How to Write a PowerShell Script to Check Windows Up Time

How to Write a PowerShell Script to Check Windows Up Time
Have you ever wondered how to check boot time or how long a server has been up? In Linux, we can do this by using the command uptime.

[root@server.dalaris.com] [~] # uptime
 11:40:13 up 946 days,  4:57,  1 user,  load average: 0.03, 0.20, 0.15
[root@server.dalaris.com] [~] #

 What about on Windows Server?

 We will develop a PowerShell script, save it to a file called “CheckUpTime.ps1″ and we can use it to check boot time for any Windows server on the network. Ready?

 Open NotePad and write the following text:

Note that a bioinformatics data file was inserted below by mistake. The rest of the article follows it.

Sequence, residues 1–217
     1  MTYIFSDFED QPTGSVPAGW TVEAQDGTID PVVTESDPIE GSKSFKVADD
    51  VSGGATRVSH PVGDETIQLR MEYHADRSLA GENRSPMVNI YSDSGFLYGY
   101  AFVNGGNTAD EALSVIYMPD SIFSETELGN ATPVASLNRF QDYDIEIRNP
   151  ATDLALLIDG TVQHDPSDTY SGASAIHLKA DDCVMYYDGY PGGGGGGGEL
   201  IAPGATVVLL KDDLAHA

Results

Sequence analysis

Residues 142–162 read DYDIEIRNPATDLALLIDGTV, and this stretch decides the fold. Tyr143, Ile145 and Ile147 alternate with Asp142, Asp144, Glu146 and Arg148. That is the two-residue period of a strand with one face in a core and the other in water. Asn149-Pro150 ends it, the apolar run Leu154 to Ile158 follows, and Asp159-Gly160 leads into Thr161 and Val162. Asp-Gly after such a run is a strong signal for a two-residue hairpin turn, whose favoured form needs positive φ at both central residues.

Param([Parameter (Mandatory=$true)] [string]$ServerName)

 Get-WmiObject -Class Win32_OperatingSystem -ComputerName $ServerName | Select-Object -Property CSName, @{n="Last Boot Time"; 
 e={[Management.ManagementDateTimeConverter]::ToDateTime($_.LastBootUpTime)}}

 

Now save the file with a PS1 extension. I saved mine in the root of my D: drive.

To execute the script, make sure you change directory to where your script is:
D:\
Enter the following:

.\CheckUpTime.ps1 -ServerName localhost

If you get an error like this while executing the script:

It means that you need to Set-ExecutionPolicy to RemoteSigned. Now Type: Set-ExecutionPolicy RemoteSigned and enter Y to confirm, then try to execute the script again.

That’s it! Now you have a script which you can save it to a USB drive for your administration purposes.